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Grange hails progress of women, notes that work remains

Thursday, March 08, 2018

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KINGSTON, Jamaica (JIS) — As Jamaica marks International Women's Day today , Minister of Culture, Gender, Entertainment and Sport Minister, Olivia Grange, is hailing the strides made by the country's women in politics and government, while acknowledging that more work needs to be done.

She noted that Jamaica has achieved a remarkable level of female participation in the legislature and senior and middle management positions in government.

She said that the World Economic Forum's Global Gender Gap 2016 Report ranked Jamaica 10th in Latin America and Caribbean in terms of female representation in politics.

In addition, the country is among 11 Caribbean countries that have had a female head of government.

“Currently, females represent 19 per cent of the Lower House, and 18 per cent of the Cabinet. Jamaica also had its first female Minister of Foreign Affairs and Foreign Trade appointed on 7th March, 2016,” she noted, while addressing the Rose Leon Memorial Lecture held recently at the Petroleum Corporation of Jamaica (PCJ) Auditorium, St Andrew.

Grange said despite the progress made, the Government recognises that more needs to be done to increase female participation in politics, and is a party to several international conventions and programmes aimed at achieving this goal.

These include the Convention on the Elimination of All Forms of Discrimination Against Women (CEDAW) in 1980; Beijing Declaration and Platform for Action; United Nations Decade for Women; Nairobi World Conference on the Forward-looking Strategies for the Advancement of Women; Cairo Programme of Action; Beijing Declaration and Platform for Action; Millennium Development Goals; Sustainable Development Goals; Ten-Year Review of the Beijing Platform for Action (Beijing+10); Commonwealth Plan of Action for Gender Equality; CARICOM Plan of Action (2005); and the Convention of Belém do Pará.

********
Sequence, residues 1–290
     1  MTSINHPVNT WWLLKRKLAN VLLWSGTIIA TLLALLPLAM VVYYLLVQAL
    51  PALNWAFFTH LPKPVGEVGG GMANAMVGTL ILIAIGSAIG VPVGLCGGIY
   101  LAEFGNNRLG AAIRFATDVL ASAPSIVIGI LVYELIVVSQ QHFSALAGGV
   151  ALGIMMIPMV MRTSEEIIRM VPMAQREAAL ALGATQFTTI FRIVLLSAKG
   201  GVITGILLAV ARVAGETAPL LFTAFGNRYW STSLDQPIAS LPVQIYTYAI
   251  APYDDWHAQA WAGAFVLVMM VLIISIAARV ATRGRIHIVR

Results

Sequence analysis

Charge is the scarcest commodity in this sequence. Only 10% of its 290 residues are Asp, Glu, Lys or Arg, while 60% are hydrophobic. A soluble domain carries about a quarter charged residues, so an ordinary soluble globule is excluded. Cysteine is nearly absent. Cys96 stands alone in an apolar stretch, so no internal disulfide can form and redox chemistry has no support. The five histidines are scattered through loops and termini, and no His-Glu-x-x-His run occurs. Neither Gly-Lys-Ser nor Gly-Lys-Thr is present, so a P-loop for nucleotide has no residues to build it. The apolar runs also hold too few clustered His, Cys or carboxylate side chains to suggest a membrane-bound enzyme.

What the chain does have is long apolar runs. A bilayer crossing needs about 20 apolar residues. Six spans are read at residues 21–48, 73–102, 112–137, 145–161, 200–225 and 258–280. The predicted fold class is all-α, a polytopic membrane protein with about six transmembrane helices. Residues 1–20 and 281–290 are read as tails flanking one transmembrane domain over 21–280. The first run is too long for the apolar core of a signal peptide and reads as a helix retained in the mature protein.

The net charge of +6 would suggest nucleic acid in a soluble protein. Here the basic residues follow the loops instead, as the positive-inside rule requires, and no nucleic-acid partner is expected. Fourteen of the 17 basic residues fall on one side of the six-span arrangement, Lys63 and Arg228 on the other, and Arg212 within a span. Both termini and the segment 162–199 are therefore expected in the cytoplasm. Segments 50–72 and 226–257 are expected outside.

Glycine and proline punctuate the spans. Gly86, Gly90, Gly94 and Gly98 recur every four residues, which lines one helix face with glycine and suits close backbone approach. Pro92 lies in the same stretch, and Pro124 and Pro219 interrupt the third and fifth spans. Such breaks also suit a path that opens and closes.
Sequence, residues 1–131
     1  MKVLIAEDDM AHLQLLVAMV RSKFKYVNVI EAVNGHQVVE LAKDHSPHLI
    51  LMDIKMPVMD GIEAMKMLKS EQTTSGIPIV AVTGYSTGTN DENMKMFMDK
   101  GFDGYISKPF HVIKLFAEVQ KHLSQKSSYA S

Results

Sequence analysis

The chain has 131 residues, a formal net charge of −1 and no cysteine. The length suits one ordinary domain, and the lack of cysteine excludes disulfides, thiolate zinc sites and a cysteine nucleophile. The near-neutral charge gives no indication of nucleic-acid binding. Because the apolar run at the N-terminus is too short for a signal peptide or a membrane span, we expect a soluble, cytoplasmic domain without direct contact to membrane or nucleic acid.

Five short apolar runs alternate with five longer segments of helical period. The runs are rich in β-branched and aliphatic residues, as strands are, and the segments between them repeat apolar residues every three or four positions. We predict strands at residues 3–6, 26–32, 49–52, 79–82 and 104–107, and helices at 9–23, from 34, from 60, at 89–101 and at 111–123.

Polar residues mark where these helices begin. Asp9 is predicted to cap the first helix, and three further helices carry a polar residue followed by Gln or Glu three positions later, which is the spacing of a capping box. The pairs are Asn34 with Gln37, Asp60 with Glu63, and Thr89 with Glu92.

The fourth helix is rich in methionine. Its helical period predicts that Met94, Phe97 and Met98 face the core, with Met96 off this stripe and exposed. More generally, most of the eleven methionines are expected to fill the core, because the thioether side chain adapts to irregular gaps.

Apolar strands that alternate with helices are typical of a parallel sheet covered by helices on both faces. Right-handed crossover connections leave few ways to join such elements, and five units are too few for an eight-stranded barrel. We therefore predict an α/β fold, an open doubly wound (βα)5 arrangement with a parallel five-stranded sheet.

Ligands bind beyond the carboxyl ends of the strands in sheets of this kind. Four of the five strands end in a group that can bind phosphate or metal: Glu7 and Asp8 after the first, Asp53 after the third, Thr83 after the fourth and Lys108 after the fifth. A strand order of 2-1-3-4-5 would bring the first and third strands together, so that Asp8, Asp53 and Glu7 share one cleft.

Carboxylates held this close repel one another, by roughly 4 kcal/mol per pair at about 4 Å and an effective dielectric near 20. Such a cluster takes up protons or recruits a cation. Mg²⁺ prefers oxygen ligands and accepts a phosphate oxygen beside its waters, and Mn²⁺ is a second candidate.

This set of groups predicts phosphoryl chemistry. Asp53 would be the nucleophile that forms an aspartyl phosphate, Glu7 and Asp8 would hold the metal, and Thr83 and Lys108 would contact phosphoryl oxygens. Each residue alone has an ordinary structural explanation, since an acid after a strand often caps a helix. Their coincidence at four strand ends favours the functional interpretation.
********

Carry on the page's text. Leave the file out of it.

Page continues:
Jamaica has also implemented several national projects geared towards reducing gender inequality through the Bureau of Gender affairs (BGA) and other key partners.

“Through the BGA, work is done across ministries, departments and agencies to ensure that gender equality is a chief focus on the Government's agenda. Key to doing this is conducting research on women in politics and decision-making as well as hosting training, conferences and symposia to increase women participation in politics,” she pointed out.

The annual memorial lecture pays tribute to Rose Leon who is credited with being Jamaica's first female minister of government to be selected for executive duties in the Jamaican Parliament by each of the two major political parties.

She was also the first Jamaican woman to hold the position of chair of a political party as well as serving as an international lay magistrate.

She is remembered as being an outstanding entrepreneur, business innovator, philanthropist and a champion for the underprivileged.

The lecture was hosted by the Jamaica Women's Political Caucus (JWPC) and its Rose Leon Memorial Trust.

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